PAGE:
As we all know, it will always be needed to run an application as a service because sometimes we want our application to run in the background as a service daemon. So, in that case, we create Systemd service files or unit files to run the application.
Introduction to systemd and service
systemd is an init system and system manager that has widely become the new standard for Linux distributions. Due to its heavy adoption, familiarizing yourself with systemd is well worth the trouble, as it will make administering servers considerably easier. Learning about and utilizing the tools and daemons that comprise systemd will help you better appreciate the power, flexibility, and capabilities it provides, or at least help you to do your job with minimal hassle.
We will be discussing the
systemctl command, which is the central management tool for controlling the init system. We will cover how to manage services, check statuses, change system states, and work with the configuration files.
First, let’s start out by discussing the difference between a service and a process. In Linux, a service is just a daemon, which is a client/server application that runs in the background.
A service continuously listens for incoming requests and sends a response based on the request given but the process is simply an application or a script that runs in the foreground or the background.
Basic Synopsis for creating a systemd service file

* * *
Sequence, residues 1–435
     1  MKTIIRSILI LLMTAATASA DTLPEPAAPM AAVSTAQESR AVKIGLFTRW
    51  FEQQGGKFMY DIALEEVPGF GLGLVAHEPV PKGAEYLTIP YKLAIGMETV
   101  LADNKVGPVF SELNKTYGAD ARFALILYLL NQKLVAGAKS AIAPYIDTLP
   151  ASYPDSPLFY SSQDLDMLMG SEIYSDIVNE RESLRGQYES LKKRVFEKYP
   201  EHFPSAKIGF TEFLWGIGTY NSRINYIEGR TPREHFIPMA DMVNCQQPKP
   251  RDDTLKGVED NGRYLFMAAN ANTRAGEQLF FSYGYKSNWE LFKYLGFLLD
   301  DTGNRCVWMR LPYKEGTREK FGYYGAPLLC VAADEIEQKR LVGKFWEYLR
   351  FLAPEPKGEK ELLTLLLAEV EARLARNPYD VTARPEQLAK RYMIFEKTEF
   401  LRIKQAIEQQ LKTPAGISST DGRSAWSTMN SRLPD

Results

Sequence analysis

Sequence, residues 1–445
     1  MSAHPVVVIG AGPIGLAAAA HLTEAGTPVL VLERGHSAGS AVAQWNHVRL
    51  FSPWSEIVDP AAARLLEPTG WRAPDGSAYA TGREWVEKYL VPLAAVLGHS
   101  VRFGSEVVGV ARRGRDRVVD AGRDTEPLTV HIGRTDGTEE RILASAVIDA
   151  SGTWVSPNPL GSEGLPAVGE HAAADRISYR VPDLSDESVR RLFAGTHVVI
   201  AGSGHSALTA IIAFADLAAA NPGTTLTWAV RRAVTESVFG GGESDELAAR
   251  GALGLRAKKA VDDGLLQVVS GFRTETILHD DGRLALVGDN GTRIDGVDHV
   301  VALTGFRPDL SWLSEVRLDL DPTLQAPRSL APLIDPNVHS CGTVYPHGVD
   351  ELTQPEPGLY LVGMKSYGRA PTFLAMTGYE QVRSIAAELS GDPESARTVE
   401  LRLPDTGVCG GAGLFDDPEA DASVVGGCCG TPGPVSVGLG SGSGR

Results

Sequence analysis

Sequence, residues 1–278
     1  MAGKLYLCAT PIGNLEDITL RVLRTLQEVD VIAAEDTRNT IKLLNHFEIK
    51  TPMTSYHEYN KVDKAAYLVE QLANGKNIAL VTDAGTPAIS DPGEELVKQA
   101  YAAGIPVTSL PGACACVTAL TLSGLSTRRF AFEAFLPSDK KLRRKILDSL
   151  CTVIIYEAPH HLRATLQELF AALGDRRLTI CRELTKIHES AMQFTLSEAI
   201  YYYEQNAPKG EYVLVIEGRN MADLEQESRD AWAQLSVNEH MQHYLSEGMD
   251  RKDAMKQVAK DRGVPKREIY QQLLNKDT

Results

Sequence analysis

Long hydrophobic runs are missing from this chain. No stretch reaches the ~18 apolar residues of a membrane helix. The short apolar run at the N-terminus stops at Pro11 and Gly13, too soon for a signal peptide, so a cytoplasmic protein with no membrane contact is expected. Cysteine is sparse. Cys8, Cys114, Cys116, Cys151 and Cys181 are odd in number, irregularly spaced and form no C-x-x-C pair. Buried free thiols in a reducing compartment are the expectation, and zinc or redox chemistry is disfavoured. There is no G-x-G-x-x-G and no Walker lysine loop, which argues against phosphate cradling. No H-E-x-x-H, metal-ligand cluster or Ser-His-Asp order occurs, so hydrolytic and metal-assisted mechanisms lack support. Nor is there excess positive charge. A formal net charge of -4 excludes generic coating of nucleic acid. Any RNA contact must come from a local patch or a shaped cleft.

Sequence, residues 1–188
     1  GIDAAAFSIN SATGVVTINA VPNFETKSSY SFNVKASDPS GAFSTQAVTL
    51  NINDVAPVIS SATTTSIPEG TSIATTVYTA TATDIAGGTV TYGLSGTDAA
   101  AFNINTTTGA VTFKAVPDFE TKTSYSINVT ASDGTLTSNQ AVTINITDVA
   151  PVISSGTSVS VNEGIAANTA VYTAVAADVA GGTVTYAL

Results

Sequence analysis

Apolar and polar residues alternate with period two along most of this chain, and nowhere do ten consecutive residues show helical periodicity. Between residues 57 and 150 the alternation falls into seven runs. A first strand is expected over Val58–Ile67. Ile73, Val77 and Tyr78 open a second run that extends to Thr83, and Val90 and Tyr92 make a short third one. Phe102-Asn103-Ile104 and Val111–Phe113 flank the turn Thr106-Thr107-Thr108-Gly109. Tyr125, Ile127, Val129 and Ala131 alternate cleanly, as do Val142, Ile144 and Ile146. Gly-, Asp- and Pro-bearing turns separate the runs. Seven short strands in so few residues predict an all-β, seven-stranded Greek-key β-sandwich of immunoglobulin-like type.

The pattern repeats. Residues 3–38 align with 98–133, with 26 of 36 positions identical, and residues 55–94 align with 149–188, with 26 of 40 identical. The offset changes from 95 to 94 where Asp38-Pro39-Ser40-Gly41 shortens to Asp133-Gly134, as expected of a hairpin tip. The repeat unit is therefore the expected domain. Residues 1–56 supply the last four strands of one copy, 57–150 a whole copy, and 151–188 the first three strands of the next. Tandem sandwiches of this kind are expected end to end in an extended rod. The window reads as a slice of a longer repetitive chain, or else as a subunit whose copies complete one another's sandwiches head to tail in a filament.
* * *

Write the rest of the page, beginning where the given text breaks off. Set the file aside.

[Unit] Description=<General description of your application> [Service] type=simple ExecStart=<path_to_script>/<app_script.sh> #To start the application ExecStop=/bin/<path_to_script>/<app_stop_script.sh> #To stop the application [Install] WantedBy=multi-user.target
This is a basic structure of a service file.
Save this file with .service extension.
Now, let’s create a service file to run nginx as a service
[Unit] Description=mynginx- server start [Service] type=forking PIDFile=/run/nginx.pid WorkingDirectory=/usr/sbin/ ExecStart=/usr/sbin/nginx ExecReload=/usr/sbin/nginx -s reload ExecStop=/bin/kill -s QUIT $MAINPID PrivateTmp=true [Install] WantedBy=multi-user.target
Save this file in /etc/systemd/system
[Unit] carries generic information about units that are not dependent on the type of unit.
|Description||A human-readable name for the unit.|
[Service] which carries information about the service and the process it supervises
|type=forking||The parent process is expected to exit. The child continues to run as the main service process.|
|PIDFile=/run/nginx.pid||Takes a path referring to the PID file of the service.|
|WorkingDirectory=/usr/sbin/||Current working directory relative to the app.|
|ExecStart=/usr/sbin/nginx||Command or script with arguements.|
|ExecReload=/usr/sbin/nginx -s reload||Commands to execute to trigger a configuration reload in the service.|
|ExecStop=/bin/kill -s QUIT $MAINPID||Commands to execute to stop the service started via ExecStart|
|PrivateTmp=true||If true, all temporary files created by a service in /tmp/ and /var/tmp/ will be removed after the service is stopped.|
[Install] section carries installation information for the unit.
|WantedBy=multi-user.target||It specifies how a unit should be enabled. multi-user.target.wants will be created within /etc/systemd/system and a symbolic link to the current unit will be placed within.|
To run this service
sudo systemctl start my-nginx.service
To see Status of Service
sudo systemctl status my-nginx.service
The output will look like this:
● my-nginx-service.service - mynginx- server start
Loaded: loaded (/etc/systemd/system/my-nginx-service.service; disabled; vendor preset: enabled)
Active: active (running) since Tue 2021-09-28 12:17:21 IST; 7h ago
Main PID: 1166 (nginx)
Tasks: 0 (limit: 18772)
‣ 1166 nginx: master process /usr/sbin/nginx -g daemon on; master_process on;
- Manual page of unit and service files
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